This unique workshop focuses on the specific application of powerful communication and influencing tools to the most critical, sensitive, and challenging fact-to-face encounters managers and staff are confronted with everyday at work.
The workshop equips participants with invaluable skills and provides them with the following benefits:
- It provides participants with proven techniques they can use in high-impact situations at work.
- It helps participants feel confident to communicate about any tough or sensitive issue.
- It enables managers and staff to engage in constructive conversations even when criticism, complaint, or other tough encounters are necessary.
- It delivers practical examples of what not to do, and what to do, when caught in those worst-of-all-possible-situations that require a higher level of communication competence.
- It empowers participants to turn critical communication situations into opportunity to build trust and achieve results.
No boring Lectures!
The workshop deploys a large array of role-plays, activities, exercises, quizzes, and inspiring stories and materials to fully engage participants throughout the process, making learning both fun and more lasting.
The Complete Workshop Package Comes in an Electronic Format with three Components:
1- Leader's Guide: Provides Step-By-Step Facilitation Guidance with full explanation of concepts, research, and delivery considerations.
2- PLUS: Dramatic PowerPoint Slides that..
cover every skill offered to provide visual impact and help you keep your command of content and pace.
3- PLUS: Customizable and Reproducible Participant Workbook..
so you can add your organization's logo or departmentï¿½ name, and make as many copies as you need at no additional fees, saving you hundreds of dollars.
Before ordering Critical Conversations - an electronic product that cannot be returned - please request a Sample Package. Please specify the title of this program in your request and email complete business contact information to email@example.com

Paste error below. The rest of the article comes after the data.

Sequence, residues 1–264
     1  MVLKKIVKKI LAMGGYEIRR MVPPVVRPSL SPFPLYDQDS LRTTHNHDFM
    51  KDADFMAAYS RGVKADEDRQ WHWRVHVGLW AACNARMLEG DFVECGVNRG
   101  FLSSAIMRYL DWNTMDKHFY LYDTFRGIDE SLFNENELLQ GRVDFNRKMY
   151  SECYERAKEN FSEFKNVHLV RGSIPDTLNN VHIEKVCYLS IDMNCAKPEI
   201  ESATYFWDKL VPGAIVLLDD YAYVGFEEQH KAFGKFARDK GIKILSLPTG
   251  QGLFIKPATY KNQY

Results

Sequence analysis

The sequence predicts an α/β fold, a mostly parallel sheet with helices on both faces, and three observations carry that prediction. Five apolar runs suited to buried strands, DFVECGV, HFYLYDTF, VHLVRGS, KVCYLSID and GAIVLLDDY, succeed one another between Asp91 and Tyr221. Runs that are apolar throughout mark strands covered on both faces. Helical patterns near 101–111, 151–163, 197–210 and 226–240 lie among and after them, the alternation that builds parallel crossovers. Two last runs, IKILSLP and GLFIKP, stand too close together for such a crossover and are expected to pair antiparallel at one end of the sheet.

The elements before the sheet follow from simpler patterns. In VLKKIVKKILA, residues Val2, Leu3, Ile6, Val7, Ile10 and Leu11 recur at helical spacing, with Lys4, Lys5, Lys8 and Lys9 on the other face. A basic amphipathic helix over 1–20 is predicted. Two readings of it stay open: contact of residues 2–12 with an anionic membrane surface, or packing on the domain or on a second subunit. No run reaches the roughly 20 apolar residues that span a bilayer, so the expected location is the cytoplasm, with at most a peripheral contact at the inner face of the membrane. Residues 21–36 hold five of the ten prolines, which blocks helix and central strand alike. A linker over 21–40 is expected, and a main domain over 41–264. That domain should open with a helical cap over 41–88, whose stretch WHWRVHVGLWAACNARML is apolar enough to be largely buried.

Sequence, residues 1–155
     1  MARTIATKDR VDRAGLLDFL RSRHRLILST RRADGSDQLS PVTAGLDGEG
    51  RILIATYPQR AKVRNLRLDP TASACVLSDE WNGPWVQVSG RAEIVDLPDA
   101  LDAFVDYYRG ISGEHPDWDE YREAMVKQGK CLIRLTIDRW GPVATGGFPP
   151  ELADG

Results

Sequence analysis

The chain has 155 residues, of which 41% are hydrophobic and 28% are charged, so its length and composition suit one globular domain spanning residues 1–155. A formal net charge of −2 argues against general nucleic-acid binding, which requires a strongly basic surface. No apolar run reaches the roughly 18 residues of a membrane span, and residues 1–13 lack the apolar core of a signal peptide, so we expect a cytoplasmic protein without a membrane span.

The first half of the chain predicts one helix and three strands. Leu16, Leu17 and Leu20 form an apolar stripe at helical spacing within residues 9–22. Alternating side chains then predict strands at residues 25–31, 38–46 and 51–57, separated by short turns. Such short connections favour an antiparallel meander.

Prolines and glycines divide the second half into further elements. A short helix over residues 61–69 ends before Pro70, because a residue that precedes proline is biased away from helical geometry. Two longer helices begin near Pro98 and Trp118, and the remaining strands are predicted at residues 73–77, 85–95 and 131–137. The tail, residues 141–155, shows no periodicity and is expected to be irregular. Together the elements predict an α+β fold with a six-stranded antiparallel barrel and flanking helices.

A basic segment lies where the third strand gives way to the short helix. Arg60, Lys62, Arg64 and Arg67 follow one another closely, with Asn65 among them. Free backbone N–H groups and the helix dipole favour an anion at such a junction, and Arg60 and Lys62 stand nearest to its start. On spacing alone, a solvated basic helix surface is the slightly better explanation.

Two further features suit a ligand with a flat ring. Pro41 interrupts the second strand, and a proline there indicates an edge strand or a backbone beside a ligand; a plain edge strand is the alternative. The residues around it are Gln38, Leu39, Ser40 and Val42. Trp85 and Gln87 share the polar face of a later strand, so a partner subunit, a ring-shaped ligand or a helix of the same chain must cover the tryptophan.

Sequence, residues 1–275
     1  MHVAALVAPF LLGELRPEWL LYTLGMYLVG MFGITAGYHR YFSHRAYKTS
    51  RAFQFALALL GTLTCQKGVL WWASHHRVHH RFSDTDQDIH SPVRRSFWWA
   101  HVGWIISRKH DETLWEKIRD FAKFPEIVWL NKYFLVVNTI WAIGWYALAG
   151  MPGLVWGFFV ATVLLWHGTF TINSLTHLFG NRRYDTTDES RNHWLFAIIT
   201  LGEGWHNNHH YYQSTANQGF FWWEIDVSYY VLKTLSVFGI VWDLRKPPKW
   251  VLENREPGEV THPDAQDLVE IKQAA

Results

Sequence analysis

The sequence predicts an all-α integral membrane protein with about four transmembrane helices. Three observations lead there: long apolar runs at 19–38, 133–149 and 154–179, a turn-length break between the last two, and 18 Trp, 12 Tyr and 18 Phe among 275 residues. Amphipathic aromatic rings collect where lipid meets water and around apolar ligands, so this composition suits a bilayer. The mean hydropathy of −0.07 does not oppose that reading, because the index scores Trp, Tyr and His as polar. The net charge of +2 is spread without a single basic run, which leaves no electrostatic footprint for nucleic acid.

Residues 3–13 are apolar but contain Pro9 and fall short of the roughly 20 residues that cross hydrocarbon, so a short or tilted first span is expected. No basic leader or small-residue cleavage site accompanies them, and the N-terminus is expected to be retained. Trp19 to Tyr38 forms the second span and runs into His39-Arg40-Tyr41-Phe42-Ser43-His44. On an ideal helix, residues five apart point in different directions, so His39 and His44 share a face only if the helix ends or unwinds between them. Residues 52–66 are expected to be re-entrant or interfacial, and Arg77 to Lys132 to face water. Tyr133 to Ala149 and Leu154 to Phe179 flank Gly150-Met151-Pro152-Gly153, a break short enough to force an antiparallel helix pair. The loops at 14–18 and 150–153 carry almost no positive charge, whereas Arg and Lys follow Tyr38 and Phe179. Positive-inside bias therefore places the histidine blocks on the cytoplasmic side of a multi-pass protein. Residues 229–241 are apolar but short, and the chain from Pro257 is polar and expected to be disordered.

Order the Complete Workshop Template Package Now:
One User License/ for $395.00
Order Organization License for
Or order a license for up to 3 users from the same organization for
Dialogue: How You Communicate When You're Having Trouble Communicating
By Robert Rosell, President, Quality Media Resources
Dialogue has been around for centuries. The ancient Greeks practiced it. Successful families use it all the time. So do governments, businesses, armies, and other groups of people that need to better understand each other. Dialogue is how you communicate when you're having trouble communicating. Who among us hasn't found ourselves in that situation more than once?
We don't normally think much about how we'll communicate. In most cases we simply open our mouths and hope the right words come out. Sometimes they do. However, the workplace has been changing dramatically over the past few decades. Women have entered careers where they had traditionally not been welcome. People from different races, religions or ethnic groups that rarely interacted in the past now work side by side. Gay employees are more visible at work. Laws against discrimination have opened doors for many. Huge populations have migrated around the globe. Corporations have become multinational.
The result is that we now have to communicate with a broader, more diverse range of people. These folks don't always do things, see things, or express themselves in the same ways that we do. It's very easy for misunderstandings, suspicions, stereotypes, or hidden assumptions to color our relationships. The results are often negative and at times disastrous for teams trying to work productively together. What worked for us before may no longer be sufficient. We will have to expand our communication skills to be understood and make sure we understand. That's where dialogue comes in.
The 6 Basic Rules for Dialogue:
- Be open and suspend judgment - don't disparage other points of view.
- Keep dialogue and decision-making separate - dialogue precedes decision-making, negotiation or action.
- Speak for yourself, not as a representative, and treat all participants as peers.
- Listen with empathy - acknowledging you have heard others and that you care.
- Look for common ground â identifying areas where you agree.
- Search for and disclose hidden assumptions - especially in yourself.
See the new training video series "Dialogue. Now You're Talking" produced by Robert Rosell, below.
For a Free preview, email your request along with business information to: firstname.lastname@example.org
Dialogue: Now You're Talking Training Video Series. Free Preview
Dialogue: Now You're Talking Series consists of four video-based training programs:
1. Communicating in a Diverse World. Overview.